Ask any NBA player or coach where they would prefer to play a high-stakes game, home or away, and the vast majority will choose being in the friendly confines of their home arena. Overall, the win-loss records of most teams would support that, but they would do even better if they taught their home fans a lesson in performance psychology.
When it comes to sports skills, research has shown that we’re better off to just do it rather than consciously thinking about the mechanics of each sub-component of the move. Waiting for a pitch, standing over a putt or stepping up to the free throw line gives our brains too much opportunity to start breaking down the task. Add competitive pressure brought on by a close game watched by a loyal home fans, and we can easily slip out of the well-practiced mental map, known as auto-pilot, that usually gets the job done.
But what about elite athletes who are the best in the game? Surely, they’ve found ways to handle pressure and keep their brains on auto-pilot? Actually no, says researchers Matt Goldman and Justin Rao. In a study presented at last weekend’s Sloan Sports Analytics Conference, they revealed an interesting paradox: playing in front of a home crowd can be both a benefit and a curse for NBA players.
For most of a basketball game, players are in constant motion reacting to their teammates and opponents. They have very little time for “self-focus” or thinking too much about the dozens of small movements that make up their motor skills, except for one event – the free throw. After being fouled while taking a shot, the play comes to a halt. The aggrieved player stands at the free throw line, fifteen feet from the basket, with the other nine players as well as thousands of fans staring at him.
The crowd, thinking they’re doing him a favor, gets eerily quiet. The pressure builds as he’s allowed to remember the score of the game, how much time is left and the disappointment that he and almost everyone else there will feel if he misses this shot. To counter this, he starts running through his mental checklist: find a focus point, keep your elbow in, bend your knees, follow-through. Bringing all of these pieces into his conscious mind will most likely cause him to miss the shot, only adding more pressure if he’s fouled again.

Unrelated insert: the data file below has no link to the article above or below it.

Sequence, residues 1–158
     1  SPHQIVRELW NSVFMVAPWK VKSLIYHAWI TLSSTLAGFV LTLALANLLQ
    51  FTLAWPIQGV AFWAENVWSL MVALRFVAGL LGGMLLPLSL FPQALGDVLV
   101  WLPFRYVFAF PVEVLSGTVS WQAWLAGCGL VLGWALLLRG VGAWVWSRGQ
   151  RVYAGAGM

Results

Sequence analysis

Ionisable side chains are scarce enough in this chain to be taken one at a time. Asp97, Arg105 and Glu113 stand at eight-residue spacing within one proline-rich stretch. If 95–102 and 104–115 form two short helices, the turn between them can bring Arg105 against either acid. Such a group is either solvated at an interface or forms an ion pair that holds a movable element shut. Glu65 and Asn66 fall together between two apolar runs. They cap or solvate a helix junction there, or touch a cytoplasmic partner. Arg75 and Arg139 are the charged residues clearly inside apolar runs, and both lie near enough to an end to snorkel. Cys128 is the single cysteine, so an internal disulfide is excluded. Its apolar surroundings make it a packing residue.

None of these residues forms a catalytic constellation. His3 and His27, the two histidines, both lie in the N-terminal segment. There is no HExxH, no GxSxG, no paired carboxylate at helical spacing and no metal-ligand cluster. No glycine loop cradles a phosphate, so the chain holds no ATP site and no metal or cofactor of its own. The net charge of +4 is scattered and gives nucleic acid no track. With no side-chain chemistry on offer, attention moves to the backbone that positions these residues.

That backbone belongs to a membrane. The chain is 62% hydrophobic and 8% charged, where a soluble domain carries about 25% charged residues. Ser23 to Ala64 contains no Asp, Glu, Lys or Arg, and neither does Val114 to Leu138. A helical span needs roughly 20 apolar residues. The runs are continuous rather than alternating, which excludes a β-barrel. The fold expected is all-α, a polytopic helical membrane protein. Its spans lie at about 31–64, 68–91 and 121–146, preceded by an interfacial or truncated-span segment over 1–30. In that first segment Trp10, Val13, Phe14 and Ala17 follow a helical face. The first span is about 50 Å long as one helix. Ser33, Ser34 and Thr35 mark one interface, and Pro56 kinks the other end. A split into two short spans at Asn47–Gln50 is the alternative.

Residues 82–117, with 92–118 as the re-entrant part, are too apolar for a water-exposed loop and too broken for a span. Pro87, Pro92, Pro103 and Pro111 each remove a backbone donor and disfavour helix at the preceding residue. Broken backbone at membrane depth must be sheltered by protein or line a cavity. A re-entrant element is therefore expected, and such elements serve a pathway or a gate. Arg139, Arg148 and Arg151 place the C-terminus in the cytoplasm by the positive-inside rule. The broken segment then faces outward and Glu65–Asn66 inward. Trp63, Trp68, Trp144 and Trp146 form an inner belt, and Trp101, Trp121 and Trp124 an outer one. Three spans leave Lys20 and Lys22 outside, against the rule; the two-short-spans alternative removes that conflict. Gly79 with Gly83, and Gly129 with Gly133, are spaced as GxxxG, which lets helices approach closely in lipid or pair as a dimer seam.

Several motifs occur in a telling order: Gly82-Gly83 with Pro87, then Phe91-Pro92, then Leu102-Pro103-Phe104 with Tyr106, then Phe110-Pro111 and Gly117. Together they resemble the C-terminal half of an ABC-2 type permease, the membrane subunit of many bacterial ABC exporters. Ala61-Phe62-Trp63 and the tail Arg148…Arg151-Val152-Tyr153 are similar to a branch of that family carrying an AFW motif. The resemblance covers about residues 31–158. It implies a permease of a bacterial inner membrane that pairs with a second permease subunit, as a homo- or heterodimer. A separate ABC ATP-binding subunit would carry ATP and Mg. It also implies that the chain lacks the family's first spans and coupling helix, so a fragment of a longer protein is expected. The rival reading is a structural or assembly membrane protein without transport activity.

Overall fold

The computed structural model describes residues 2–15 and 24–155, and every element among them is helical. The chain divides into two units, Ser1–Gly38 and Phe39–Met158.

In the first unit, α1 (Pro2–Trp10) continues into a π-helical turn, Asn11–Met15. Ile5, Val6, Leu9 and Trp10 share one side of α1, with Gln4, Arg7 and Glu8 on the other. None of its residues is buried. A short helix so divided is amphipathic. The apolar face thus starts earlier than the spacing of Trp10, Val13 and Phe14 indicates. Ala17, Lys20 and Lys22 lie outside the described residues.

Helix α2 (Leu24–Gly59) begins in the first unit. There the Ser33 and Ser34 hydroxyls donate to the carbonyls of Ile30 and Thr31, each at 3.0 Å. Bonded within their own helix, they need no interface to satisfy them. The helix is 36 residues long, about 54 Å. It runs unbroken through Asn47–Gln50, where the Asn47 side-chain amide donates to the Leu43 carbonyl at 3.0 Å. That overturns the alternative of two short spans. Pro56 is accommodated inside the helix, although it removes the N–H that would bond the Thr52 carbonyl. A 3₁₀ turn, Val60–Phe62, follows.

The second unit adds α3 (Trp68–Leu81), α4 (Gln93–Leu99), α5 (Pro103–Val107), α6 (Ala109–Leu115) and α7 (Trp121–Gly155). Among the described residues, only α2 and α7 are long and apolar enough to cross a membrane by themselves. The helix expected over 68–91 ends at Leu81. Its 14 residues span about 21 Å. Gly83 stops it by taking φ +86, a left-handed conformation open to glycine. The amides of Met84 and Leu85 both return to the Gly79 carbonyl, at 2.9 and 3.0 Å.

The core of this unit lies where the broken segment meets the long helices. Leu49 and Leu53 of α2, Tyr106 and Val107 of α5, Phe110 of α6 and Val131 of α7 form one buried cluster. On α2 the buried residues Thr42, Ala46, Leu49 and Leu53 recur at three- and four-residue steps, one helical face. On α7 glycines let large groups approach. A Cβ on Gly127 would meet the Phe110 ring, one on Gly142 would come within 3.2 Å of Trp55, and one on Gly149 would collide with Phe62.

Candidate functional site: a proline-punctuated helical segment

Goldman and Rao compared the stage of fright of shooting free throws with another very common basketball skill—offensive rebounding. Recovering the ball after a missed shot is vital to a team’s chances of winning since it provides another possession and opportunity to score. It’s also a task that is done in the constant motion of the game with the crowd cheering. There is no time to self-reflect on the skill components of rebounding, it just happens. If a player does not get a rebound, there is no obvious public shame as the play immediately continues.
So, could playing in front of a home crowd affect one part a player’s game but not another?
Using detailed play-by-play data from every NBA game from 2005-2010 (six full seasons), including 1.3 million possessions and 300,000 free throw attempts, they first found an expected result. They found that in general, home team players have a higher overall free throw shooting percentage than the visitors. However, Goldman and Rao then looked at what happens in clutch situations, which they define, in a detailed mathematical formula, as being late in the game when the score is close. In those high pressure moments, the home team does significantly worse at the charity stripe than their opponents. They blame this mostly on the actions of the fans. To go from constant noise and fast action, to perfect quiet and stillness is enough to take even the best basketball players in the world out of their rhythm and into a damaging self-talk state.
At the other end of the court, when visiting players are taking free throws, the crowd, again thinking they’re helping, goes crazy with waving arms, signs and noise. However, the data showed that the free throw percentages of the visitors in clutch situations remains unchanged from their normal away percentage. The researchers argue that the distractions actually help the opponents at the line by not allowing them to think about their complicated motor skills.
To show that the pressure doesn’t affect all skills, the stats also showed that the home team’s offensive rebounds got progressively better in clutch situations supporting the theory that positive support can increase effort. As with free throws, the visiting team’s clutch performance in rebounding was unchanged from normal game situations.
Not all players are created equal. The study called out a few NBA players as being either clutch at the free throw line or chokers under pressure, including two of the game’s top stars. Manu Ginobili of the San Antonio Spurs, who has a career 83% free throw percentage, is the player you most want at the line when the game is close. On the other hand, Paul Pierce of the Boston Celtics, with an 80% career percentage, was the second worst free throw shooter in clutch situations.
Maybe a few brave Celtic fans at the Garden can begin to reverse the trend and go crazy when Pierce is at the line. Just be sure to be near an exit.